An often harrowing, though mostly conventional, account of the physical and psychological toll of modern warfare on the average soldier.

Pub Date: May 11, 2010

ISBN: 978-0-446-55624-8

Page Count: 310

Publisher: Twelve

Review Posted Online: Sept. 29, 2010

Kirkus Reviews Issue: March 15, 2010

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The author's youthfulness helps to assure the inevitable comparison with the Anne Frank diary although over and above the...

NIGHT

Elie Wiesel spent his early years in a small Transylvanian town as one of four children. 

He was the only one of the family to survive what Francois Maurois, in his introduction, calls the "human holocaust" of the persecution of the Jews, which began with the restrictions, the singularization of the yellow star, the enclosure within the ghetto, and went on to the mass deportations to the ovens of Auschwitz and Buchenwald. There are unforgettable and horrifying scenes here in this spare and sombre memoir of this experience of the hanging of a child, of his first farewell with his father who leaves him an inheritance of a knife and a spoon, and of his last goodbye at Buchenwald his father's corpse is already cold let alone the long months of survival under unconscionable conditions.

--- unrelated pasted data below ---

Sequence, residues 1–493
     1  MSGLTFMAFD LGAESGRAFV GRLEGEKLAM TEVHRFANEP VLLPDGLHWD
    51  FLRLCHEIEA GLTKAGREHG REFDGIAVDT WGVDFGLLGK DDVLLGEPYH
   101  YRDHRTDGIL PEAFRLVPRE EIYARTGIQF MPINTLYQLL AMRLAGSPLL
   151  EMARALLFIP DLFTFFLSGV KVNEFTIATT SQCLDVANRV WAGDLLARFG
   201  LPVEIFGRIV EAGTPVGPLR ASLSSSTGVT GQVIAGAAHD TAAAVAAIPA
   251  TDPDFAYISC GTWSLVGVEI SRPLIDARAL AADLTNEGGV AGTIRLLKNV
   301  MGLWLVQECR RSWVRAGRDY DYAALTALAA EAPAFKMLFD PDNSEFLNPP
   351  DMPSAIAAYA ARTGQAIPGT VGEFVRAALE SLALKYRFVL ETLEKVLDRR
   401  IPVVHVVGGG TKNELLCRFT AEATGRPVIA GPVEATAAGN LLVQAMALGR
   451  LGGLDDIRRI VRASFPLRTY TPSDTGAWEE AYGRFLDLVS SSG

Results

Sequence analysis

The author's youthfulness helps to assure the inevitable comparison with the Anne Frank diary although over and above the sphere of suffering shared, and in this case extended to the death march itself, there is no spiritual or emotional legacy here to offset any reader reluctance.

Pub Date: Jan. 16, 2006

ISBN: 0374500010

Page Count: 120

Publisher: Hill & Wang

Review Posted Online: Oct. 7, 2011

Kirkus Reviews Issue: Jan. 15, 2006

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Buffs of the Old West will enjoy Clavin’s careful research and vivid writing.

TOMBSTONE

THE EARP BROTHERS, DOC HOLLIDAY, AND THE VENDETTA RIDE FROM HELL

Rootin’-tootin’ history of the dry-gulchers, horn-swogglers, and outright killers who populated the Wild West’s wildest city in the late 19th century.